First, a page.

The stakes couldn’t be higher for tomorrow night’s premiere of The Conners, the Roseanne spinoff series starring John Goodman, Laurie Metcalf and Sara Gilbert. Conceived under extraordinary circumstances in the fallout of Roseanne‘s abrupt cancellation following star Roseanne Barr’s controversial Valerie Jarrett tweet, The Conners has the difficult task to live up to the legacy of the mothership series while building a complete and satisfying new show without Barr whose character had been at the heart of the original.
ABC has kept the fate of Roseanne Conner under wraps though Goodman had let slip in an interview that the character has been killed off, and Barr herself suggested in an interview that the cause of death was opioid overdose. Regardless of the circumstances, which will be revealed in The Conners premiere, the series will feature the rest of the Conners clan picking up the pieces as they carry on with their blue-collar lives in Lanford, Illinois.
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In a brief interview with Deadline, Bruce Helford discusses the challenges of mounting the new series in a very quick turnaround and addresses the high expectations. He explains how the producers settled on what The Conners should be about and how to write Barr off and teases what viewers would be surprised by. Helford did a brief stint as a writer-producer on the original Roseanne series and has been shepherding both the Roseanne revival as executive producer/co-showrunner and The Conners as exec producer/showrunner.
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DEADLINE: How did you balance trying to appeal to both fans of Roseanne and its former star and those who oppose her views and don’t want the new series to be associated with her?
HELFORD: We avoided the divisiveness by just making sure the fans of the show would find all the elements of the show they love intact: the struggle of a working class family, the honesty of the emotions a situation like this would evoke, and the humor that has carried the Conners through all their trials and tribulations.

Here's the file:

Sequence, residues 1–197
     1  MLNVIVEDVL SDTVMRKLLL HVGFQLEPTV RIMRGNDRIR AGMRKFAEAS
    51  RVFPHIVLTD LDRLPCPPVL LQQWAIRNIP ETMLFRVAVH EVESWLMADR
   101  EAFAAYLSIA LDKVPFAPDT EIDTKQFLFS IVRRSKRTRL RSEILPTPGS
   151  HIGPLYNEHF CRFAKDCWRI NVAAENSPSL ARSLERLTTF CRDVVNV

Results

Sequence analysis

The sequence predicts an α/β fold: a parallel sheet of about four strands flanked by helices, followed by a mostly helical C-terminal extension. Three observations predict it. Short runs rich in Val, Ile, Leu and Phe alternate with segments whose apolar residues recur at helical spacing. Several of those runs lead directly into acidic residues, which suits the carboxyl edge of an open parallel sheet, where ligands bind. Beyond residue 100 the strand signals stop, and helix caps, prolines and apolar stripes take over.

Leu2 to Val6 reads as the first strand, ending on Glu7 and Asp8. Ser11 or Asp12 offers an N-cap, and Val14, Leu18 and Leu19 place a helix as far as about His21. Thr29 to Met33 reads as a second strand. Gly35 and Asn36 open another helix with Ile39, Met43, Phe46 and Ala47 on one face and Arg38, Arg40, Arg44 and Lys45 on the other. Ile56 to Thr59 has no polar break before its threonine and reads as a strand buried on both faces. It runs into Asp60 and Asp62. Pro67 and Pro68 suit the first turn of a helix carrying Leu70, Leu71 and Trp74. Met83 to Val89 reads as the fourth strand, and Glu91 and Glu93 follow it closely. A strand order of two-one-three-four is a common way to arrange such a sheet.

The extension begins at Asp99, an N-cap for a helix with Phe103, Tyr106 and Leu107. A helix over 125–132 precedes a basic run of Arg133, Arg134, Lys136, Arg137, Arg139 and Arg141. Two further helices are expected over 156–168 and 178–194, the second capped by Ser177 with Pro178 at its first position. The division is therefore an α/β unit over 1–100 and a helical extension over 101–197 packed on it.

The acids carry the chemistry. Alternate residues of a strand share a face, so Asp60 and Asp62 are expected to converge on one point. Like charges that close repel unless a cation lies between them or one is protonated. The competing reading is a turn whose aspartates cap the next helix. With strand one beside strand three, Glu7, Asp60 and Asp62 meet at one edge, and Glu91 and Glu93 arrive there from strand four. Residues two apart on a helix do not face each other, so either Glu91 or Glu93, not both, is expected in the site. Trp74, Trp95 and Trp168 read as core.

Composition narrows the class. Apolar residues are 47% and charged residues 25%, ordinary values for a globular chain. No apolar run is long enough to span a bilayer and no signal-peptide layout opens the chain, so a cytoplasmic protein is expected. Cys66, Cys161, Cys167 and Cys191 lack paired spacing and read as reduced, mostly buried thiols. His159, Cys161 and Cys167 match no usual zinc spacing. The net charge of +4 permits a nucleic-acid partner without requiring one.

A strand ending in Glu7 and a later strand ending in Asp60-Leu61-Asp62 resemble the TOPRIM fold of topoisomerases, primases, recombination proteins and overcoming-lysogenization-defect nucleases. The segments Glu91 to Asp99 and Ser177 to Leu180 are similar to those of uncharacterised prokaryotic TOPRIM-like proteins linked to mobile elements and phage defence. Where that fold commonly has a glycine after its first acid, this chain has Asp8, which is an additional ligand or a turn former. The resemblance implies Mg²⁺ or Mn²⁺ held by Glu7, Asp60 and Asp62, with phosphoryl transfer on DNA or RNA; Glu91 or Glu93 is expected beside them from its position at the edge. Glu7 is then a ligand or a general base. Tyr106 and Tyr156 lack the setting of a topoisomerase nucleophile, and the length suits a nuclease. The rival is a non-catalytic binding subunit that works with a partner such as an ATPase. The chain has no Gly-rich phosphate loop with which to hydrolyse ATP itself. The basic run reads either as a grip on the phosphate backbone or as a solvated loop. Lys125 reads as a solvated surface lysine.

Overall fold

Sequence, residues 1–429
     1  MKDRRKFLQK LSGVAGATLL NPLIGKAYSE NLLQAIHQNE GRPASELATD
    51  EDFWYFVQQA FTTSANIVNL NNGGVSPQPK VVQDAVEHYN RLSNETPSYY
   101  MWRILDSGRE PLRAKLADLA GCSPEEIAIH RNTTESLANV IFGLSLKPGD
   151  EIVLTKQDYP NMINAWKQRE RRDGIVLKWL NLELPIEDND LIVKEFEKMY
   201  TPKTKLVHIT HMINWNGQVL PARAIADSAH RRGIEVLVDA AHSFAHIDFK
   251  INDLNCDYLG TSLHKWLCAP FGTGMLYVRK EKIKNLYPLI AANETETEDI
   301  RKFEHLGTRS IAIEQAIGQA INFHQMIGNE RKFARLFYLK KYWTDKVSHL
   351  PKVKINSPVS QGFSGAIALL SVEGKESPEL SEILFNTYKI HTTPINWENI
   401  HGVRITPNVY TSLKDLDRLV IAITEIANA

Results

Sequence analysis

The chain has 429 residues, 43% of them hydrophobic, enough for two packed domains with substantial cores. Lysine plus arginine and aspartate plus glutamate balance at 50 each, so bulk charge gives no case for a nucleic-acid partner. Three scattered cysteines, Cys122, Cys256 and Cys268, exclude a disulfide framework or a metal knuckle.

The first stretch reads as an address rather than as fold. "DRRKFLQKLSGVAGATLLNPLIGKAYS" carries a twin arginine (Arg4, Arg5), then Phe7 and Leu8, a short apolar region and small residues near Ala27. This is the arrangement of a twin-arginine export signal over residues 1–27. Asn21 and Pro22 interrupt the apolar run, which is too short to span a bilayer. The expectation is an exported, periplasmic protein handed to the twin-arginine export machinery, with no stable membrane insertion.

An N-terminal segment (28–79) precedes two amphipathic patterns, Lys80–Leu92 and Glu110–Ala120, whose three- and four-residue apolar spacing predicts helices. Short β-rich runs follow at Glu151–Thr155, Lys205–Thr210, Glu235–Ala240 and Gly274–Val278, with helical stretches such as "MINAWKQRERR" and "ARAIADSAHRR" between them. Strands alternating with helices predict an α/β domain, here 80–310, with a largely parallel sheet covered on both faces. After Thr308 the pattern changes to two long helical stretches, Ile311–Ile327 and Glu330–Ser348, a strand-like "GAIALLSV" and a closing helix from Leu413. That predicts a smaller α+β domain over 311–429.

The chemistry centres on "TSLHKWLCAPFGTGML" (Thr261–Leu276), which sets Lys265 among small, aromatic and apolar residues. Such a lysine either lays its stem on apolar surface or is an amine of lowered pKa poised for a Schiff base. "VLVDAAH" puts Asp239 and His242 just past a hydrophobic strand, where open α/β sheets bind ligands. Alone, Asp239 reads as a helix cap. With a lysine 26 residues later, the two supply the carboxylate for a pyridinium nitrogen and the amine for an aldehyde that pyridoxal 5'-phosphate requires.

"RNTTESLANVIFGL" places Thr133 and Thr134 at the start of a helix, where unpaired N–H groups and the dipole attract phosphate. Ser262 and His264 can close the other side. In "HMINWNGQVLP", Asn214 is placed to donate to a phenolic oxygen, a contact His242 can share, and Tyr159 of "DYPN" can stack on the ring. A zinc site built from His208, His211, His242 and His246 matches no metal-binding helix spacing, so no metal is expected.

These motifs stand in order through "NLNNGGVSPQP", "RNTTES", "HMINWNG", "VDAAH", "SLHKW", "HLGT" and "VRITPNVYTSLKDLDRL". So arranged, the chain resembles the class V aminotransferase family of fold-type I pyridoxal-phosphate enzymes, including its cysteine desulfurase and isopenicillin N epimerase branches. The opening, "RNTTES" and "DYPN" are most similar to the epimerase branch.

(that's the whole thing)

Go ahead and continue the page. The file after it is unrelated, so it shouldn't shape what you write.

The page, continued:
DEADLINE: What was the hardest part about making The Conners?
HELFORD: The hardest part of making the show was finding the perspective without the matriarch. Ultimately, each member of the family fills the gap by stepping up in their own individual ways. This is a true ensemble with some of the finest actors who have ever graced a TV show. Honestly, almost all of them could be the leads in their own series.
DEADLINE: Did you consider alternative setups for the followup series — moving the characters to a new location, leaving Roseanne alive, etc?
HELFORD: We wrestled with many alternatives, but finally decided the Conners should remain in Lanford and deal with the absence in a way that was honest and respectful to the mother they loved so much.
DEADLINE: What would viewers be most surprised about The Conners?
HELFORD: It’s not really a surprise, but I think most viewers will be satisfied with the Conners’ ability to move forward with their lives, often in unexpected ways. A lot will happen in 10 episodes.
The Conners debuts Oct. 16 at 8 PM.
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